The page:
embrace a different perspective and convince the necessity of combining several disciplines from the
system and structure viewpoint.
    The research the identification of additional in order to facilitate the understanding of the urban
transformation in the circumstances of the economic change derived by grand pandemic crises.
    This article is organised in three consecutive parts. The next section describes the methodological
framework and research methods. The third section provides the research results of the systematic
literature review. The 4th section includes the discussion about the pre-assumptions of the analysed
field identifying the main implication areas. The main conclusions are synthesized in the last part of
this research paper.

2. Methodological Framework.

   The critical literature review was applied as the general data gathering method. The data were later
analysed using the content analysis.

Exploring Sustainable Urban Transformation Concepts for Economic Development

    Limitations for the selection of literature sources: (1) Social Sciences; (2) Urban Studies; (3) 20
journals with highest ratings (Cite Score). Within this study the main seeding sources for the critical
literature analyses have their origin and publication on the SCOPUS in the period from 2016 till 1st
quarter 2021, but in the content analysis recited also sources from those articles using purposive
sampling method. In the first collection of the literature sources in total 230 journals of SCOPUS data
base under Social Sciences and Urbans Studies were identified for the analyses. Then TOP 50 journals
according to the Cite Score citation were filtered for the literature review.
    Authors have summarised the main assumptions and purposes for literature review from relevant
previous research [4, 5, 6, 7, 8]:
    1. Delimiting the research problem;
    2. Seeking new lines of inquiry;
    3. Avoiding fruitless approaches;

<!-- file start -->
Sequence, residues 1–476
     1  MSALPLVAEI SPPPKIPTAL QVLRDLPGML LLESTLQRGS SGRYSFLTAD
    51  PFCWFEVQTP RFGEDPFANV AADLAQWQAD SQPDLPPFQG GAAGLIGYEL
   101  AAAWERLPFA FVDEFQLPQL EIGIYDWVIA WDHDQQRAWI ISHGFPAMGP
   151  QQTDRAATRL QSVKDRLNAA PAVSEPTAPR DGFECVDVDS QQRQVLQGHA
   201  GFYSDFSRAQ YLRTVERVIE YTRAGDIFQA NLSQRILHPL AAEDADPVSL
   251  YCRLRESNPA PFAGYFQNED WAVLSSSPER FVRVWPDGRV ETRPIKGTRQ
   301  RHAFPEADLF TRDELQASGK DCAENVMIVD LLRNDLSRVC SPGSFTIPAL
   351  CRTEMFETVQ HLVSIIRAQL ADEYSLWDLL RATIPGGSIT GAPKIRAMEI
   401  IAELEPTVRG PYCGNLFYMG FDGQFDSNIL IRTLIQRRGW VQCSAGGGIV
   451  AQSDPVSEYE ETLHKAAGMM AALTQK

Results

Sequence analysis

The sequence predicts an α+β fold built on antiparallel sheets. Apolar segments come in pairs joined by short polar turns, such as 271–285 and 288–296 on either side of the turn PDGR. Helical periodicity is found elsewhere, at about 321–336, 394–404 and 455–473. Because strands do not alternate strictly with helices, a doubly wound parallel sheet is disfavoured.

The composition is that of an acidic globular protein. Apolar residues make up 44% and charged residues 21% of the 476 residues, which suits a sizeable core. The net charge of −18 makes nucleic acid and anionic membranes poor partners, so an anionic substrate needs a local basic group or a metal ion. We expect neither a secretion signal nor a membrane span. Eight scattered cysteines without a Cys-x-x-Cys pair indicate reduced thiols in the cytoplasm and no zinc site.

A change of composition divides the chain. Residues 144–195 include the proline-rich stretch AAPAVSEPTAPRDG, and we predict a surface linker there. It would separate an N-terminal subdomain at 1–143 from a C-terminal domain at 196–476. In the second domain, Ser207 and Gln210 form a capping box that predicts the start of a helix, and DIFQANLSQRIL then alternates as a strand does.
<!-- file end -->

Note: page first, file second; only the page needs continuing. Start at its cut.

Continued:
4. Identifying recommendations for further research (exploring research gaps);
    5. Exploring important variables relevant to the topic;
    6. Identifying the main methods, literature, theories that have been used;
    7. Give an overview about the research field, main findings in the area.
    Data collection was conducted in 4 stages: (1) research of scientific database SCOPUS to explore
literature where term ‘’urban transformation’’ is mentioned, (2) selection of literature directly about
these terms and exclusion of duplicates; (3) limitations for literature studies in the search engine: (1)
Social Sciences; (2) Urban Studies; (3) 20 journals with highest ratings (Cite Score) appliance of selected
literature. Originally included scientific from 2016- 2021 1st quarter, but in content analysis recited
also sources from those articles. From 230 SCOPUS journals under Social Sciences and Urbans Studies
were included only articles from TOP 50 journals according to the Cite Score. All the sources that
passed the stage 3 were analysed with content analysis. Content analysis was conducted in 3 steps:
(1) preparation – gathering literature source analysis protocols; (2) organization - initial coding was
conducted nonlinearly: there were predefined, and data driven; (3) report development – described
categories. The category network is provided in Figure 1.
    As Figure 1 shows, the main research trends in urban transformation are sustainable growth, crises
and security, resilience, technologies, societal involvement, living laboratories, social sustainability,
energy transition.

3. Results.

3.1. The state of knowledge and theoretical grounding of the urban transformation.
    Using critical literature review as the general data gathering method, the data were analysed
through content analysis. Basic literature review based on the systematic and analytical literature
review in SCOPUS database revealed the main assumptions that should be taken in account while
developing this approach. Subsequently restrictions on literature analysis were imposed with
following criteria: (1) Social sciences, (2) Urban environment research, (3) 20 journals with the highest
rating (Cite Score). Initially, scientific data from 2016- 2021 1st quarter were included in the analysis,
but the sources of these articles were also mentioned in the content analysis.

Elina Mikelsone, Dzintra Atstaja, Viktor Koval, Inga Uvarova, Inese Mavlutova, Jekaterina Kuzmina

                                        Figure 1. Research category network

                                             Urban transformation concepts
                                                  and research trends

       Basic            Research focus               Main assumptions                 Covid-19 Impact

                                               - Involvement                         - Environment
  - Research           - Systems               - Societal involvement                - Food system
    field              - Structures            - Institutional context               - Transport